Fiery public comment sessions have become regular at Board of Supervisors meetings in San Diego County, with many speakers taking aim at the county's pandemic response and even the coronavirus itself.
As part of a mounting effort to curb the spread of COVID-19 misinformation, which the county has already declared a public health crisis, the Board of Supervisors has invited a panel of doctors to fact-check Tuesday's meeting.
Click here for details on how to watch or listen to Tuesday's meeting.
“You got to try to fight it,” Board Chairman Nathan Fletcher declared. “Look, I get we disagree on things; different values, different perspectives, different opinions, but so much of the debate today is just things that are objectively false.”
The panel will watch and listen to the meeting closely to supervisors or members of the public and report what they find on Wednesday.
Supervisor Fletcher has led a charge against misinformation on COVID-19 and the vaccine. Last month, U.S. Surgeon General Vivek Murthy acknowledged San Diego County's first-of-its-kind anti-misinformation policy.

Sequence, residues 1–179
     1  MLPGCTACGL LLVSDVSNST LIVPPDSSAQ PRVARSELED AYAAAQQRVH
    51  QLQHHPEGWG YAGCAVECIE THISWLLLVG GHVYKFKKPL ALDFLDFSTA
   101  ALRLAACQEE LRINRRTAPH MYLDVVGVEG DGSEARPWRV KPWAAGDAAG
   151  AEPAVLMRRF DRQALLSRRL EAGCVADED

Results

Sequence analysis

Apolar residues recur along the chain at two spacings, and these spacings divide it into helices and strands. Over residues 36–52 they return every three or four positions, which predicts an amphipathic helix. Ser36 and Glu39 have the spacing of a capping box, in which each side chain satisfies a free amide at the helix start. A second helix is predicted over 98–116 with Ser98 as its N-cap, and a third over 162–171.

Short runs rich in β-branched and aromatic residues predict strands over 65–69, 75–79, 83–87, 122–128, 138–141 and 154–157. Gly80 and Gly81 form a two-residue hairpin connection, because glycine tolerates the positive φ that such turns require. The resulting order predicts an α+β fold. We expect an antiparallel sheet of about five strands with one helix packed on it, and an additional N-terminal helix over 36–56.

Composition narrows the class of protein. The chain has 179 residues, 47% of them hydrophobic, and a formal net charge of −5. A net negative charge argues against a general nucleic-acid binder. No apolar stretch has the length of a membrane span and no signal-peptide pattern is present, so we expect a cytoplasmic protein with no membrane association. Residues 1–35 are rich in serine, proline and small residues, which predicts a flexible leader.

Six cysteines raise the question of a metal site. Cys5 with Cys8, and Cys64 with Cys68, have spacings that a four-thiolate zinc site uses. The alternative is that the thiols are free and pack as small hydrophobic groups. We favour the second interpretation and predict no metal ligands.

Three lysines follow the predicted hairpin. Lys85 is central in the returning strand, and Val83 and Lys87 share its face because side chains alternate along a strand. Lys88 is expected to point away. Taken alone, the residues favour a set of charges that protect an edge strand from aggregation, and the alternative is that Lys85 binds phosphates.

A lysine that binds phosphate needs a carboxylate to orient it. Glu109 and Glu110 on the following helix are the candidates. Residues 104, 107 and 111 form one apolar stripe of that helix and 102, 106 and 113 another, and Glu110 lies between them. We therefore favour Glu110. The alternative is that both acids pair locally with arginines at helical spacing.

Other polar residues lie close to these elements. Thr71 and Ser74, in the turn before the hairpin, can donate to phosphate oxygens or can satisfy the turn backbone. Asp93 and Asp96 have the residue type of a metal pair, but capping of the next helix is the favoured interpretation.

“What we are going to do is fight back and push back on information that is causing people to make decisions that is literally costing them their lives,” Fletcher said.
Tuesday's panel will be lead by the county’s Chief Medical Officer and will include doctors from Sharp, UC San Diego Health, Family Health Centers of San Diego, and Rady Children’s Hospital.
“All we’re trying to do is equip the public with better information, better sources of information, better context,” added Fletcher. “If there’s one person who listens to a doctor and makes an informed, medically relevant decision and it saves their life, then all of it’s worth it.”
The chairman reiterated that public comment is still open and available to anyone.
“You can come down and curse, you can say offensive things, you can say untrue things. That’s all protected by the first amendment," he said.
At the same time, the County launched a website that looked to debunk any false claims about COVID-19.
Following the county's anti-misinformation declaration at a meeting in August, members of the public attacked the policy.
"I'm a certified personal trainer, I studied nutrition and well-being at Cornell and Yale, and I'm also a Taurus so I know a little it about B.S.," one speaker said.
“You’re guilty of misinforming the public,” a woman said. “Trials will be held, you will be held accountable for your crimes against humanity.”